Saturday, August 26, 2006

'Who Killed The Electric Car?' - worth watching

SACRAMENTO, Calif. - I have to be dragged to see some movies and this was one of them.

Not because I didn't believe that the EV-1, produced briefly by General Motors, was the victim of corporate greed. But because the movie would reinforce that and just raise my blood pressure.

It did both, but the movie has a surprise ending which I won't convey here.

But I will give you a hint: I'm really glad I'm buying a Toyota Prius. Really glad.

The arguable star of the film is the EV-1 car itself, but in a supporting role is Chelsea Sexton, who was a GM employee in charge of selling these vehicles. She's now an advocate for electric vehicles and if she weren't so honest, could have a great career in politics.

Chelsea Sexton
Chelsea Sexton at a rally to save the EV-1

She's the kind of bright young person I love to see in my classes at the university - far brighter than the people at GM (and the oil companies).

The movie makes a brief mention of the last time the big players teamed up to force the automobile on the American public - back in the 1930s when the oil companies, tire manufacturers and automakers sold many American cities buses at well below their real cost (as well as promises that tires and fuel would be very cheap) so that cities would get rid of their electric trolley systems.

They also required the cities - to get those big discounts - to rip out the rail tracks and in many cases, even give up their rights of way to ensure there would never be another electric railway - just buses that needed parts, tires and of course, oil. Pretty ironic that as a nation we are spending billions of dollars to build new electric light rail lines when we had them 75 years ago - and they worked just fine, thank you very much.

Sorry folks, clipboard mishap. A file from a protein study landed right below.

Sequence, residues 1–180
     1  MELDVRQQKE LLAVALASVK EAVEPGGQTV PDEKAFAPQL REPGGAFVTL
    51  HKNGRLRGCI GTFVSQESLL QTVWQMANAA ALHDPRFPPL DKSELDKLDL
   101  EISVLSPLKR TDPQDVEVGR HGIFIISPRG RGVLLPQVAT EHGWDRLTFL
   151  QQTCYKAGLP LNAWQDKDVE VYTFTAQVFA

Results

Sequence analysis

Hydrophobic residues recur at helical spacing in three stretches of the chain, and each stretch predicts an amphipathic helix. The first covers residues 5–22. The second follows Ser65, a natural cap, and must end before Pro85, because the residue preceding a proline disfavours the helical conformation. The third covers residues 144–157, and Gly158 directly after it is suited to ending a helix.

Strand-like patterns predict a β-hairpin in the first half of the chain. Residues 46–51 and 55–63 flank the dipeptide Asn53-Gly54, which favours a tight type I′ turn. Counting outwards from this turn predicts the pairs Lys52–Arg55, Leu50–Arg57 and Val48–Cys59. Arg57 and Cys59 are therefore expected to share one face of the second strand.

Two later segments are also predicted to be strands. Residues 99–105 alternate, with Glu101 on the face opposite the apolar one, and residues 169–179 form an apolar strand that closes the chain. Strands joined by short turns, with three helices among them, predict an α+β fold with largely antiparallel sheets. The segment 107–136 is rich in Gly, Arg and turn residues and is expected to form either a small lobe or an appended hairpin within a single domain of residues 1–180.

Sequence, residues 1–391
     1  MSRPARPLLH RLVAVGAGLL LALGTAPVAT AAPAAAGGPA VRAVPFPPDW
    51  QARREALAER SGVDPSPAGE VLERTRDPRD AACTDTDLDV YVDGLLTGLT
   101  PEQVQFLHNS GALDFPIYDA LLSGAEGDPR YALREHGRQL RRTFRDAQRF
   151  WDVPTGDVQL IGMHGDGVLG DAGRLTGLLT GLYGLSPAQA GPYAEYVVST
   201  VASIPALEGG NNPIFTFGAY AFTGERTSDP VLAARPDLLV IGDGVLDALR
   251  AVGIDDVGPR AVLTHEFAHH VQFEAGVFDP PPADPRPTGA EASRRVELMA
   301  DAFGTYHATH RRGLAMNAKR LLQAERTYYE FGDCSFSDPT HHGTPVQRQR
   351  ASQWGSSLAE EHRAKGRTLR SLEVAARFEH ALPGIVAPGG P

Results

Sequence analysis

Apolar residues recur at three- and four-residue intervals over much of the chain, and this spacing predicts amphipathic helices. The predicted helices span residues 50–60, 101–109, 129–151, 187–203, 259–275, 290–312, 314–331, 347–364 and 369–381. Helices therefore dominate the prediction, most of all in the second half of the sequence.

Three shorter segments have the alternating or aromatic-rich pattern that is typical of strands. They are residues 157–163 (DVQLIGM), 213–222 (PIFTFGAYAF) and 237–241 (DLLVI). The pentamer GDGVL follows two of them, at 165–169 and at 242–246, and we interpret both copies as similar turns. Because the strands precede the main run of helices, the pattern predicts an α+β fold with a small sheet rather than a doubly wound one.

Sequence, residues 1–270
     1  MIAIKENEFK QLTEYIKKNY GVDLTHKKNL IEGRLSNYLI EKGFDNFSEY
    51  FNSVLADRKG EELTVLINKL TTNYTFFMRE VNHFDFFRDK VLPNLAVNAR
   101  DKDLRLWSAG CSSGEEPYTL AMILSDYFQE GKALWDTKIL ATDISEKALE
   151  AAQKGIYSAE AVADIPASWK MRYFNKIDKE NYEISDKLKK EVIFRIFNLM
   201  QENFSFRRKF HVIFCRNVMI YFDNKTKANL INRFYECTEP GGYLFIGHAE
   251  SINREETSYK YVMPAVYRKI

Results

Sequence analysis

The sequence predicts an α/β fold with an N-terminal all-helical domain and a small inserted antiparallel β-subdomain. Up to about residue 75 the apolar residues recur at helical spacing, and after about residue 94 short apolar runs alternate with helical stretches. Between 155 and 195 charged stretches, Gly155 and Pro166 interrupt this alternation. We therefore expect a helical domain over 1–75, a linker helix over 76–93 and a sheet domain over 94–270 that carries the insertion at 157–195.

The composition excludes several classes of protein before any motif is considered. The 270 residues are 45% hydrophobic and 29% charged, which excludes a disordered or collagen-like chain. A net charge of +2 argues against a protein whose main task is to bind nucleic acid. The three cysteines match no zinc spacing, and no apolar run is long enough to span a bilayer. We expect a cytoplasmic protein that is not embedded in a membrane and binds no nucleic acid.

The saddest part of this film is seeing stacks of the destroyed EV-1 vehicles - perfectly good cars, perhaps too good to survive. Remember the expression 'planned obsolesence?' GM forgot to program that in for these sporty - and fast - little cars.

Crushed EV-1 cars
Stacks of EV-1 autos ready for the shredding machine.

Who Killed The Electric Car? is well worth watching. But before you do, check out this website:

  • Plug In America

  • And check your blood pressure before and after, too.

    Sunday, August 20, 2006

    Sunday - a time for boating, barbecues and music

    Leigh Graham
    Originally uploaded by Brite light photos.
    SACRAMENTO, Calif. - Most Sundays in years past I would have been aboard Sabbatical today, either closing the boat up after a weekend cruise or frequently fixing whatever we might have broken while out sailing (or was about to break).

    But this Sunday was stay and home and catch up a few things, one them rest and relaxation, which included listing to a lot of music - mostly on the IPod, of course.

    One of the songs that just played is Perfidia, sung by Leigh Graham, a Toronto-based chanteuse who has a wonderful voice. She sings a lot of the old 1940s songs, as well as swing numbers and big band stuff. Her rendition of Hernando's Hideaway is not to be missed.